Wednesday, April 08, 2009

Perfect timing from Ollie

Kamm, on April 4th, taking advantage of the G20 summit to have a dig at Louise Christian:

"Someone who believes that the police are a toxic influence excludes herself from serious debate on the balance between freedom of assembly and public order."

Andy Hayman, former Assistant Commissioner Special Operations at the Metropolitan Police, in Ollie's newspaper, the Times, today

"What is also not known is whether the cause of death was natural or triggered by this apparent assault. Whatever the cause, the commissioner must ask serious questions about the style of policing. If left unchecked we have a more violent crowd in uniform than the crowd demonstrating. "

9 Comments:

Anonymous andrew adams said...

Kamm, on April 4th, taking advantage of the G20 summit to have a dig at Louise Christian:

...for something she said in 1984.

4/08/2009 12:30:00 PM  
Anonymous bubby said...

The most anorakish among my readers, and they alone, will recall Louise Christian's distinctive speech as a delegate at the Labour Party Conference in 1984, when the police had an especially difficult task of maintaining order along with the right to picket peacefully during the miners' strike. Referring to Neil Kinnock's remark that the police were the filling in the sandwich (i.e. between the government and the NUM), Ms Christian declared that the police were, rather, "the salmonella poisoning in the sandwich". Someone who believes that the police are a toxic influence excludes herself from serious debate on the balance between freedom of assembly and public order.

Is Kamm actually aware of the role of the Police and intelligence services during the Miners' Strike?

This habit of dredging up isolated quotes from the mists of yesteryear in order to blacken the reputation of those you disagree with seems like a defining characteristic of Decentism.

However this example seems less extreme than pissing all over the reputation of someone who has been dead for 20 years by citing something they wrote 70 years ago when they were barely out of their teens.

At least Christian is in a position to answer back.

4/08/2009 01:03:00 PM  
Anonymous Mordaunt said...

Not so much "it is 1933 and I am Churchill" as "it is 1983 and I am Dennis Healey".

Because obviously the best way to critique an article written by Ms. Christian in 2009 is to refer to a speech given by her in 1984, when Mr Tony Blair, was an advocate of unilateral nuclear disarmament and Mr Christopher Hitchens was an advocate of international Marxist revolution. I wouldn't envy anyone who didn't change their minds about anything substantive over the course of twenty five years but, blimey, if we can write Ms. Christian off on the grounds she said something a bit silly* once upon a time I think that our hero may find that the Decent pantheon will have to be subject to a rather thorough purge.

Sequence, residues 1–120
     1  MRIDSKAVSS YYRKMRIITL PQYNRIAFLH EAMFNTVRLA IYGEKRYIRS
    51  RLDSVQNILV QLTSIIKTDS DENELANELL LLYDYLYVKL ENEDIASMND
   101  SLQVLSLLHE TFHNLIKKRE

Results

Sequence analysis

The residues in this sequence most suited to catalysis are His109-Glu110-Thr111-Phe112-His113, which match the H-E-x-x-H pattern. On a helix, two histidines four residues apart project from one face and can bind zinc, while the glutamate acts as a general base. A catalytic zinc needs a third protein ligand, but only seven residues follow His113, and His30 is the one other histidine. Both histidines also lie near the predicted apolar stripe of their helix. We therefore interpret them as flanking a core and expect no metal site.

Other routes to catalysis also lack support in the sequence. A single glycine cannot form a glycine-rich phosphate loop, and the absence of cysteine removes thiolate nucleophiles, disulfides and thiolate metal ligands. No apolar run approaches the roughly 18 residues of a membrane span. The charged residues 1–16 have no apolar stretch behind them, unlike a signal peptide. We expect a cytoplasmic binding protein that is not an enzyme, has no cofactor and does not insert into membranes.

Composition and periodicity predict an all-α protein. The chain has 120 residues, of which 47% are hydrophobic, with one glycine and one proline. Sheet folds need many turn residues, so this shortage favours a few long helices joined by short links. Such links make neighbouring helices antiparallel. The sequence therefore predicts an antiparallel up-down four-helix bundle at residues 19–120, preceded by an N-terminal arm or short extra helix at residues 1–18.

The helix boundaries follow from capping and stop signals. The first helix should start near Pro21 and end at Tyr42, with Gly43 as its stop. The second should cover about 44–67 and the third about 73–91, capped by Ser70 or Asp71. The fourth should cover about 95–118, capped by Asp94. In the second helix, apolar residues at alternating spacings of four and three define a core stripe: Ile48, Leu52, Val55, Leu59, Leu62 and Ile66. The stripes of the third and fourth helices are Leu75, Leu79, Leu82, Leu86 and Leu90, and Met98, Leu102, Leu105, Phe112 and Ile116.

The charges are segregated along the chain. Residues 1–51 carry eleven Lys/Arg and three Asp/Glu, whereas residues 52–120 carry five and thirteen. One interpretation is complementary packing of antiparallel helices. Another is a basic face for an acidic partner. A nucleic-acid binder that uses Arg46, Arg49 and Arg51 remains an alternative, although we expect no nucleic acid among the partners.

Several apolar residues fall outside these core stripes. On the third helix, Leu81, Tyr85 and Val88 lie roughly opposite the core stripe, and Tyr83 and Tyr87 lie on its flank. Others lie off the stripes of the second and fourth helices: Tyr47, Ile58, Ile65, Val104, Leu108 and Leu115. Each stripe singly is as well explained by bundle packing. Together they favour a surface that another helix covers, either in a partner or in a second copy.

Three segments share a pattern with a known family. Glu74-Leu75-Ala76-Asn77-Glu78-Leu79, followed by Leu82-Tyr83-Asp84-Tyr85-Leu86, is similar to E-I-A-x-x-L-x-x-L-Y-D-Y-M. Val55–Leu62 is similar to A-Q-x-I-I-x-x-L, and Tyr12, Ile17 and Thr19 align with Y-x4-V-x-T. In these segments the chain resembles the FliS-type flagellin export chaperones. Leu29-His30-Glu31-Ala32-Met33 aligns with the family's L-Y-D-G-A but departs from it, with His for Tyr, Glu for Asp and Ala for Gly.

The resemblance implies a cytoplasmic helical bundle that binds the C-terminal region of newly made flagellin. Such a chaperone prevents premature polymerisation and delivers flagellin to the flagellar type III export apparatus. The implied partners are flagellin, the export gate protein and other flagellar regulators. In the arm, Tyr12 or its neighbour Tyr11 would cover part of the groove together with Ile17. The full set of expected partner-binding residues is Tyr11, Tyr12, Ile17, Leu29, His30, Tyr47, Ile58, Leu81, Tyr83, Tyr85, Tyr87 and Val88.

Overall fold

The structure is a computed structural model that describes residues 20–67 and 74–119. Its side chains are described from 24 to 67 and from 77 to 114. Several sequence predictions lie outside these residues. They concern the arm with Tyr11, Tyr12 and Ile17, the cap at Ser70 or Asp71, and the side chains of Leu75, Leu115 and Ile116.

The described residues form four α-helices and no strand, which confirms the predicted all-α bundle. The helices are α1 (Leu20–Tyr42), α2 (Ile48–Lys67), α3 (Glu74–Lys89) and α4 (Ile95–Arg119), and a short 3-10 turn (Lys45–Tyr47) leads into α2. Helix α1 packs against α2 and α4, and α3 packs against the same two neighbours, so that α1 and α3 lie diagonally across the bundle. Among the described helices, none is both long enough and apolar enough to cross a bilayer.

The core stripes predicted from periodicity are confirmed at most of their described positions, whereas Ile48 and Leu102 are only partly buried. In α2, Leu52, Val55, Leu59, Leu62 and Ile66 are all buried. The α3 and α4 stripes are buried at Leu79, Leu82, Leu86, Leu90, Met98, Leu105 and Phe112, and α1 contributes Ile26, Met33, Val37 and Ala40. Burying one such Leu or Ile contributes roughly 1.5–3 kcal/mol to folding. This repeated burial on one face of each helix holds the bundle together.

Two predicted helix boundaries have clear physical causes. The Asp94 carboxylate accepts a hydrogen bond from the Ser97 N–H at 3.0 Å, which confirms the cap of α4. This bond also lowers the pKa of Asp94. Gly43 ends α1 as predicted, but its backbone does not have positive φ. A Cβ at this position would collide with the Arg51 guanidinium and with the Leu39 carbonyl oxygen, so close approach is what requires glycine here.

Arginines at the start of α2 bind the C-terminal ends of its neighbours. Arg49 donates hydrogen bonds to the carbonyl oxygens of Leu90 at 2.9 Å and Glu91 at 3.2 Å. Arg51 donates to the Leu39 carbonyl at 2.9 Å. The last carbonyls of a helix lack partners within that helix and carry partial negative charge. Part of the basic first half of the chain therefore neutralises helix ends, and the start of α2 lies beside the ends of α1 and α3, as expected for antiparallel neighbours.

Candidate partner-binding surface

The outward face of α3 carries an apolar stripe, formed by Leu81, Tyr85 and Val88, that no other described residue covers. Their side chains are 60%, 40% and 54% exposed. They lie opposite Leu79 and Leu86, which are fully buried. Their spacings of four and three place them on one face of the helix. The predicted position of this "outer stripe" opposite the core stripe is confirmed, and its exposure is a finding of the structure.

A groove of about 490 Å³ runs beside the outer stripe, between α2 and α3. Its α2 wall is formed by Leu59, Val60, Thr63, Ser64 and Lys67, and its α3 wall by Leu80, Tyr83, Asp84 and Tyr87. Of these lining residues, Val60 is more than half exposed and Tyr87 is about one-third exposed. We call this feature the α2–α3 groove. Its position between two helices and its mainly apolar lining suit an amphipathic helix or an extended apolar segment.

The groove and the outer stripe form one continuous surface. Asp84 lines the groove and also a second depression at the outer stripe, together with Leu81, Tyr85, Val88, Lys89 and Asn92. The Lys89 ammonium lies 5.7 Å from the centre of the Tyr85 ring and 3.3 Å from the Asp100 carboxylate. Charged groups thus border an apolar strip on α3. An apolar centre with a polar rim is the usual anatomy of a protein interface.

4/08/2009 01:24:00 PM  
Anonymous Alex Higgins said...

"the police had an especially difficult task of maintaining order along with the right to picket peacefully during the miners' strike."

I think anyone writing of how the police of 1984 wrestled manfully with the challenge of preserving the right to picket legally might want to explain why their opinion should be taken seriously.

Let alone why they should have the right to set up the boundaries of debate and begin to exclude people from it.

4/08/2009 07:19:00 PM  
Anonymous andrew adams said...

Good piece from Aaro today in the Times by the way.

4/09/2009 07:13:00 AM  
Anonymous organic cheeseboard said...

The Miners' Strike is a big deal for Kamm, but the problem fro him is that his general approach to the strike exposes his inner wingnut.

Kamm's position on it is: as the strike was designed to change govt policy it's thus un-democratic (he envisages all strikes purely as 'protests'); he thinks that the only way the strike could have been supportable is if it had been in favour of closing all the pits, with compensation and retraining offered to the miners; and he fully supports everything Thatcher's govt did in the 1980s to stop the strikes (most worrying of all, that one).

Every now and again this man who's usually so careful with his words will expose his utter bonkers-ness - and will also expose the extent to which he relies on pretty out of date material (his main source is a book from 1986 that has long since been surpassed). Though this is in keeping with Kamm's approach to protest generally (and this is, sadly, soemthing that you see a lot of on Harry's Place recently, or at least it was until the video emerged of unprovoked police violence).

A good piece by Aaro though he brings up his godawful response to JCDM... It'd be good if a few more journalists wrote piece like this in advance of demonstrations, however, instead of allowing the media to be dominated by police briefings about being 'up for it', about evil violent protesters, etc.

4/09/2009 07:45:00 AM  
Blogger ejh said...

As it happens the miners' strike remains the only time I have ever been struck by a policeman, quite surprising when you bear in mind the number of protests and football matches I've attended.

It was Mansfield, May 1984, and I was walking away from the officer at the time in an attempt to find my coach.

This is, of course, quite normal.

Old Marxist point: Mr Kamm is a member of the banking community. Does that community ever seek to influence the direction of government policy by means other than lobbying?

4/11/2009 10:54:00 AM  
Blogger cian said...

Well there's bribery, that's traditionally been quite popular within the banking community...

4/11/2009 08:41:00 PM  
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